Wednesday, November 26, 2014

Reader Adventure: Just out of the military, dreams of bushcrafting in the Colorado Rockies

One of our readers, who wishes to be known as "John", recently got out of the military, and he had always dreamed of having a bushcraft adventure in the Colorado Rockies. Being from the Mid-West, John had never been to the Rocky Mountain wilderness before. After spending time serving his country, John decided it was now or never that he had to make this trip. Below is an email we received from him describing his first adventure.......

Dear Jason,

My bushcrafting trip to the Rocky Mountains in Fairplay, Colorado this summer was quite a learning experience. The area we hiked into (Twelve Mile Trail), was up around 10,500 to 11,00 feet in elevation. We were there during the weekdays, so we had a good bit of privacy.

Here are some of the things I learned from this trip:

-Just as you advised, there are bugs at the treeline - lots of them. I didn't bring a bug net, tent, or deet. Just longsleeves and a boony hat. I'm going to rethink my gear selection next time.

-The bushcraft bed I made (shown in the photo) was actually quite comfortable. There were lots of biting ants around our camp, so having the bed off the ground really helped us to stay clear of them.

-Purifying water was a full time job. I could never drink enough of it. We had two 1.5L cooking pots boiling water non-stop and it was never enough. I wished I could've just drank out of a stream like a deer. There has to be a better way.

-Squirrel Meat + Peanut Butter tastes like China Buffet's "Peanut Chicken!" (I think squirrel is their secret ingredient!)

-Gear- We brought along two pieces of gear that turned out to be especially useful. One of these was a Gransfors Bruks Small Forest Axe, and the other a book called "Edible and Medicinal Plants of the Rocky Mountains." The Gransfors Bruk Small Forest Axe NEVER lost its edge, even after all the chopping we did.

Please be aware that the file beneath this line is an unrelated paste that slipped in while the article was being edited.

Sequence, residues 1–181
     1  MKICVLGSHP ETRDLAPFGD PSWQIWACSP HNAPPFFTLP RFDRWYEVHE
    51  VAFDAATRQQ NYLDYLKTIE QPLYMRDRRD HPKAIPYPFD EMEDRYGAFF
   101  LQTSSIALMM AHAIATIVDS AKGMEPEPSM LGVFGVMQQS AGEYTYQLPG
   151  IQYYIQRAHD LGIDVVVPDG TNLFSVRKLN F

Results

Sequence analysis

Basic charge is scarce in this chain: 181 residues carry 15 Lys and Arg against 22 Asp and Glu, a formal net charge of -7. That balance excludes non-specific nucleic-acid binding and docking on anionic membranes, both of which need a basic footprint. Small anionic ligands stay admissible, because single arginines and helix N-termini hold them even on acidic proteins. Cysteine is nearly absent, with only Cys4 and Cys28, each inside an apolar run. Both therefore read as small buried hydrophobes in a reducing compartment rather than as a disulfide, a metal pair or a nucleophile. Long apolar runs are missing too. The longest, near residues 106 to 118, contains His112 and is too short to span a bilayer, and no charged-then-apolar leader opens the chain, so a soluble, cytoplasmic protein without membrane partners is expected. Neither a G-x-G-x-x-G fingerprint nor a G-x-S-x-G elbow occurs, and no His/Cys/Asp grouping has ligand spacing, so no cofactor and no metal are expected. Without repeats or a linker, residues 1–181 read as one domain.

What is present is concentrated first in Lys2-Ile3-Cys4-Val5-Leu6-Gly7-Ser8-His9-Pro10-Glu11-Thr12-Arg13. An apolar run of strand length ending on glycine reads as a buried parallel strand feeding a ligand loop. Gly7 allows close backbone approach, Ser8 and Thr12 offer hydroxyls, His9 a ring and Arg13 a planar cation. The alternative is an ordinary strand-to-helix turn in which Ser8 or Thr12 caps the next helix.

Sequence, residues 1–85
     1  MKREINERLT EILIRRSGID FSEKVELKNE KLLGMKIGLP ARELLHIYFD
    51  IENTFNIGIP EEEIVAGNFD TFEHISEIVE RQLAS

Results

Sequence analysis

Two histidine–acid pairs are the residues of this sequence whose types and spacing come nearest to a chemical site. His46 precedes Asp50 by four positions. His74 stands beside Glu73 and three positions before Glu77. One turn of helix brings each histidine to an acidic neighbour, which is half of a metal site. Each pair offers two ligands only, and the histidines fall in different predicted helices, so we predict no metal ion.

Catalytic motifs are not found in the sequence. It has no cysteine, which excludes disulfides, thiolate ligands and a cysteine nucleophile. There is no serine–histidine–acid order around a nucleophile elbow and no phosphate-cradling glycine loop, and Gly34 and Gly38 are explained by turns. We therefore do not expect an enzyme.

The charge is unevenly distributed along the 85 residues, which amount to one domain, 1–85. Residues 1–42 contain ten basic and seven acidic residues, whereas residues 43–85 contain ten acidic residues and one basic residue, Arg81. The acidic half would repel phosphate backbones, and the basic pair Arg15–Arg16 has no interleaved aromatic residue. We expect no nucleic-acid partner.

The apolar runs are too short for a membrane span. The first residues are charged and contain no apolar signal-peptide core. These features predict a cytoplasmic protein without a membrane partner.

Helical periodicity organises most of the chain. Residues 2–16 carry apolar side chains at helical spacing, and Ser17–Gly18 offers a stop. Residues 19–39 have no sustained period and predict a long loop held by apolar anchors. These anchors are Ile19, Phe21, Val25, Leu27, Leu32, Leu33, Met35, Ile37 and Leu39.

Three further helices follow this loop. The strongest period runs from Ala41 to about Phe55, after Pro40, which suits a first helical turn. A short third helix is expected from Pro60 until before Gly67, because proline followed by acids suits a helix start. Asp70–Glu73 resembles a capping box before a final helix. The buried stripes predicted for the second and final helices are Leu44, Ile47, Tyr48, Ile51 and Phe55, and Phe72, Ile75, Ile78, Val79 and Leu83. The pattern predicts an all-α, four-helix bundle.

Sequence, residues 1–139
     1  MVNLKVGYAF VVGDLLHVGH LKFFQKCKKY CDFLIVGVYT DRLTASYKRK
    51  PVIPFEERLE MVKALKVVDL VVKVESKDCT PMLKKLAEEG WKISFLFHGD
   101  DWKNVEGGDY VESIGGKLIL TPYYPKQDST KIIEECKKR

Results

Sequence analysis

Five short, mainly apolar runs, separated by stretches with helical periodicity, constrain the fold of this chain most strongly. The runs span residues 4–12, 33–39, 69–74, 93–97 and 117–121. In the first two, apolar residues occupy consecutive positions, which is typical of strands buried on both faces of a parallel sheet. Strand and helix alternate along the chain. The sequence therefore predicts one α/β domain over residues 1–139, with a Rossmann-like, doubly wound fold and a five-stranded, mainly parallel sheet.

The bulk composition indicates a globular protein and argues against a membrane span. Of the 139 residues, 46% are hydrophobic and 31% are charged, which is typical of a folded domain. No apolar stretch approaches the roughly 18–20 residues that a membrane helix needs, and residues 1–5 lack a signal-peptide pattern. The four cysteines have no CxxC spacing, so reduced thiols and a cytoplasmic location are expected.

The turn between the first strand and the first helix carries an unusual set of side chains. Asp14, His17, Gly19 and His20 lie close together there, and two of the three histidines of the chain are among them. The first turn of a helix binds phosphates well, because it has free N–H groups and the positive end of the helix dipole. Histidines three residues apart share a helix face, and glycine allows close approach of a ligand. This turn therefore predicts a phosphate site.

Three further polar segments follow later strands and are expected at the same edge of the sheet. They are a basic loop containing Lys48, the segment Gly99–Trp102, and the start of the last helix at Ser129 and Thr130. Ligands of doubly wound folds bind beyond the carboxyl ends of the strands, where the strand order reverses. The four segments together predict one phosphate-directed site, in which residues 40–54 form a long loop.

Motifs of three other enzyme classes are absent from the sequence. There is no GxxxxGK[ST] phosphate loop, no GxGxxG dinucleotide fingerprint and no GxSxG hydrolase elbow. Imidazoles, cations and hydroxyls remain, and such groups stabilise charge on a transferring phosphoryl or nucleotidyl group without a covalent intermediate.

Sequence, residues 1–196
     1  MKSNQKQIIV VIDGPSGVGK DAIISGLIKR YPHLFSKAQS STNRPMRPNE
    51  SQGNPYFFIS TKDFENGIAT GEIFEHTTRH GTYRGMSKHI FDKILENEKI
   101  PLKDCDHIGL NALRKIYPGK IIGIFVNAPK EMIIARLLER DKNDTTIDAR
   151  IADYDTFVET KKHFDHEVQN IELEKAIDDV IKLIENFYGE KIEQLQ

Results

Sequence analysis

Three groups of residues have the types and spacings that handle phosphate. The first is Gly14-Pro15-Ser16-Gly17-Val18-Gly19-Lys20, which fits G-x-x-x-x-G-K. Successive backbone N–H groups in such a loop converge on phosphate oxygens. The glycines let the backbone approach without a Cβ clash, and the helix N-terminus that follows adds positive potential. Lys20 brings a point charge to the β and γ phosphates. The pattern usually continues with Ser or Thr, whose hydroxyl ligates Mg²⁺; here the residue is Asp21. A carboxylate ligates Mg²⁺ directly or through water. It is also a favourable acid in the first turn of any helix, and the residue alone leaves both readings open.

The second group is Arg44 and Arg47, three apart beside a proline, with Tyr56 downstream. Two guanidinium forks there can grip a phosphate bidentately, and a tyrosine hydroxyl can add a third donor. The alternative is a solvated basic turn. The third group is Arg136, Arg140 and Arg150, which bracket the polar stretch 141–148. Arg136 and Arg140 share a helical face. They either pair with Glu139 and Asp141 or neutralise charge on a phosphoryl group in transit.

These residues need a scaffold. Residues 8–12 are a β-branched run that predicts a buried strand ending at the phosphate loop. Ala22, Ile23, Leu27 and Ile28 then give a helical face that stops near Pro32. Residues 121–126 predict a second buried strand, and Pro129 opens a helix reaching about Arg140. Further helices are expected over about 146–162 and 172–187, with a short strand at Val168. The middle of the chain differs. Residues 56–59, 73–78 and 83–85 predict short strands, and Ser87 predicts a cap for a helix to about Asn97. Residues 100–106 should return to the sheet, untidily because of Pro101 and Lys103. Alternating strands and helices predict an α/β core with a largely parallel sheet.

The "Edible and Medicinal Plants" book was more valuable and relevant than any military training I've had, and was DEFINITELY worth it to take with me. It has a picture index, and it also describes the various plants' preparation methods and uses. The book said that Aspen is great for bowls/spoons, since it doesn't splinter. Willow is great for baskets. Douglas Fir sap can be used for chewing gum to clean teeth. Blue Spruce needle tea for vitamin C, etc. All great info.

Conclusion- Getting out there like this just makes me realize just how much there is to learn. It also really motivated me to get another trip planned. Next time, however, I think I'll go somewhere lower where there is more moisture :)

I want to thank you for taking the time to respond to my email, and for giving me some great advice that turned out to be very helpful.



Have a Rocky Mountain bushcrafting adventure story to share? A cool photo? Email us at rockymountainbushcraft @

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